Callahan Center Hosts Discussion on Medical Marijuana

FRAMINGHAM – The Callahan Center hosted a presentation about cannabis, and how it can be used to treat diseases and help individuals over age 55 on Tuesday night.

The presenter was Dr. Uma Dhanabalan, a local Natick doctor, and the founder of TotalHealthCare, a healthcare provider that “specializes in alternative therapies, including medical cannabis. She worked as a regional medical director in Richland, Washington State.

Dr. Dhanablan was inspired to become a cannabis advocate after her mother, who was suffering from idiopathic pulmonary fibrosis (a lung disease where the lungs become scarred) watched a TV program about how it was being used to treat certain diseases, such as lung cancer, in Israel.

She wishes that she didn’t have misconceptions about it in her early days as a doctor, as it could have helped her mother.

“I never got to use this medication for my mother, because I didn’t know enough…but I wish I had,” she told the audience.

While the presentation covered a lot of different topics, the main point that Dr. Dhanablan wanted the audience to take away from it was that they should not be afraid or ashamed to give cannabis a try, as no one has died from it.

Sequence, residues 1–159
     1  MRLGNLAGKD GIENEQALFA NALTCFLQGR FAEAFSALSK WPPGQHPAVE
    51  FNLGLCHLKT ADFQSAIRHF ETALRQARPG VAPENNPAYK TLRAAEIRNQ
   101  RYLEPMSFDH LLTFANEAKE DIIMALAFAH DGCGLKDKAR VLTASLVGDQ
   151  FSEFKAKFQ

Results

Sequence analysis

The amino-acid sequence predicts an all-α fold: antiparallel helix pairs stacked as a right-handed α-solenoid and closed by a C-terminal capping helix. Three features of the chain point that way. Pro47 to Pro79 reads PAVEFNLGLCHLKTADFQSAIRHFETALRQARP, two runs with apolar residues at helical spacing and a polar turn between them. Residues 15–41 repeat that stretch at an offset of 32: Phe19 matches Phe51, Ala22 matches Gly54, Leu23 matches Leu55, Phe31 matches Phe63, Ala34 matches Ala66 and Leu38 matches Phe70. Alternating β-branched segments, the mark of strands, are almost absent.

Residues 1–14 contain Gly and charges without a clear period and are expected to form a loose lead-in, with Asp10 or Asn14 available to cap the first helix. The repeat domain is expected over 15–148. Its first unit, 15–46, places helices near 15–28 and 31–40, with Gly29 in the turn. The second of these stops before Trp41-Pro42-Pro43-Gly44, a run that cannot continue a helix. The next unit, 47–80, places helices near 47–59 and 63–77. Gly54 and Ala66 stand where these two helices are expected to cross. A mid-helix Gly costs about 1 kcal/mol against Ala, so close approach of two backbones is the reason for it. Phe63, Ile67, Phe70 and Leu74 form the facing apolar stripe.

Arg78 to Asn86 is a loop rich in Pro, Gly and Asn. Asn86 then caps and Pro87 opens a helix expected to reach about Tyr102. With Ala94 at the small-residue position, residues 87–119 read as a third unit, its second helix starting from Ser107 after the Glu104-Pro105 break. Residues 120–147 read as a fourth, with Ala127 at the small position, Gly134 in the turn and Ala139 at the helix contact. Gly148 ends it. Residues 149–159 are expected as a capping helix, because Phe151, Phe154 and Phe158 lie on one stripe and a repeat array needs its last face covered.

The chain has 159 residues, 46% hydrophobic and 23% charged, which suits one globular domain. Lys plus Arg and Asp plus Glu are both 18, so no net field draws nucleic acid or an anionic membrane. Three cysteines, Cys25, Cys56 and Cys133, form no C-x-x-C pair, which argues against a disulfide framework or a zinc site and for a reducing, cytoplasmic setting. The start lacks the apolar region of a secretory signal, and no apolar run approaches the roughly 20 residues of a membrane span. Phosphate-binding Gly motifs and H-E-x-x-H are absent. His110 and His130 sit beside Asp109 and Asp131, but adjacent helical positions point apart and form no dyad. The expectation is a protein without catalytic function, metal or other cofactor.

“I want to see it available as a first-line option and not a last resort,” she told the audience. However, she realizes that cannabis treatment might not work for everyone and that if it is not helpful to someone, they should prioritize their own “safety first” before they take it.

After the presentation ended, Dr. Dhanablan took questions from the audience.

While many of the seniors were still concerned or unsure about using cannabis, the presentation seemed to help them understand it a little bit better.

But for some, the presentation changed the way that they thought about it. “I learned that it can’t kill you,” said Judy Izenberg, a senior who attended the event.

Many of the seniors said that they would pass on what they learned to their friends and family.

“I don’t need it for me, but I want to extend the information I learned for people I know who need it,” said Izenberg.


Photos and report by SOURCE Intern Nick Barry, a Westfield State University student. He is a Marian High graduate.

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